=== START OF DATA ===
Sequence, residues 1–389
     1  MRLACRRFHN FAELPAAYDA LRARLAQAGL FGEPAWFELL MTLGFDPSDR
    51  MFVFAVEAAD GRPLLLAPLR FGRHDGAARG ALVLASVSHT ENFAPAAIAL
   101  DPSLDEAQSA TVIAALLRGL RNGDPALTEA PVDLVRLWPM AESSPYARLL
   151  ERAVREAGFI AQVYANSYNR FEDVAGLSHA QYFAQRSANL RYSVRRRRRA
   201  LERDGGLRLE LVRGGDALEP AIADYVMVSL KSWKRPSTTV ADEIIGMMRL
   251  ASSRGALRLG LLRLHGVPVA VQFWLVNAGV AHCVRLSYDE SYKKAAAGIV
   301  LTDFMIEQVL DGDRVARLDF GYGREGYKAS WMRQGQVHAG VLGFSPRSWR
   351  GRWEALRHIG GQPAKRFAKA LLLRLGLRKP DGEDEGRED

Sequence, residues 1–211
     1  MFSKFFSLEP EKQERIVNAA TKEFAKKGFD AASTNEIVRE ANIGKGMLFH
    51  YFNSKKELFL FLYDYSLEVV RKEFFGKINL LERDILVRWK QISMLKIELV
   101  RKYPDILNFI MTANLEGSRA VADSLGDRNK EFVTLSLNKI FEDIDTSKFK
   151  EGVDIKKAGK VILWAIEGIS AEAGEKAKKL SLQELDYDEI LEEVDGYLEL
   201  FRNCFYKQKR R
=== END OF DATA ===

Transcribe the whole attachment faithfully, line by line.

Sequence, residues 1–389
     1  MRLACRRFHN FAELPAAYDA LRARLAQAGL FGEPAWFELL MTLGFDPSDR
    51  MFVFAVEAAD GRPLLLAPLR FGRHDGAARG ALVLASVSHT ENFAPAAIAL
   101  DPSLDEAQSA TVIAALLRGL RNGDPALTEA PVDLVRLWPM AESSPYARLL
   151  ERAVREAGFI AQVYANSYNR FEDVAGLSHA QYFAQRSANL RYSVRRRRRA
   201  LERDGGLRLE LVRGGDALEP AIADYVMVSL KSWKRPSTTV ADEIIGMMRL
   251  ASSRGALRLG LLRLHGVPVA VQFWLVNAGV AHCVRLSYDE SYKKAAAGIV
   301  LTDFMIEQVL DGDRVARLDF GYGREGYKAS WMRQGQVHAG VLGFSPRSWR
   351  GRWEALRHIG GQPAKRFAKA LLLRLGLRKP DGEDEGRED

Sequence, residues 1–211
     1  MFSKFFSLEP EKQERIVNAA TKEFAKKGFD AASTNEIVRE ANIGKGMLFH
    51  YFNSKKELFL FLYDYSLEVV RKEFFGKINL LERDILVRWK QISMLKIELV
   101  RKYPDILNFI MTANLEGSRA VADSLGDRNK EFVTLSLNKI FEDIDTSKFK
   151  EGVDIKKAGK VILWAIEGIS AEAGEKAKKL SLQELDYDEI LEEVDGYLEL
   201  FRNCFYKQKR R